• Second disadvantage is that you need to deliver the media to client somehow – ship it, bring it to him or the client must come to pick it up. In some cases it is not a problem but if you have clients spread all over the world, it can be time consuming and there are additional costs for shipping. Not to mention if the package doesn’t arrive…
  • Third and the most critical disadvantage of these media is that they hold the files and you can copy/move/delete them easily. This is not a problem but if you can easily access the files, you can easily delete them (by accident) or what is more important – some „active“ clients can convert these files into a compressed format to save some space on their devices. Sometimes even the applications installed on the devices will „help“ to transfer the files to the device and do the compression (when transferring the files) and the customer is even not aware of this. Therefore the education of the clients about the lossless quality and all the pitfalls around the media transfer from/to devices is very important!!!


  • Online delivery services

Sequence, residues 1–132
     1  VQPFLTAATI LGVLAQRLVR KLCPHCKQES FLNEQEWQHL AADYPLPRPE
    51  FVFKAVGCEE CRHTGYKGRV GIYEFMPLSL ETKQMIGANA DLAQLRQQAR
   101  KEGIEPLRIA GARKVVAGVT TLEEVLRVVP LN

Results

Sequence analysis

If you would like to send big files (and audio content are BIG files), than email is not the best way. There are some online delivery services where you can upload your content (audio files for the client), add his email address, add your email address (as a sender) and additionally add some notes or description of the files. You start the upload process which could take from few minutes to few hours – depending on your internet connectivity and size of the files. The good thing is, that you don’t need to be in front of the computer during the upload process – it is an automatic process and you can do anything you want (have a cup of coffee for example :-). After the upload is complete, the client will automatically receive an email with download link and he can simply download the audio files – on PC Windows, Apple Mac OS, smartphone, tablet or any internet connected device. Few of the the services are free, few of them are paid and the differences are sometimes very small. Also these companies do a lot of price drops and special so sometimes you can save a lot. You can check some the services I have used previously and worked very well:

  • Online storage services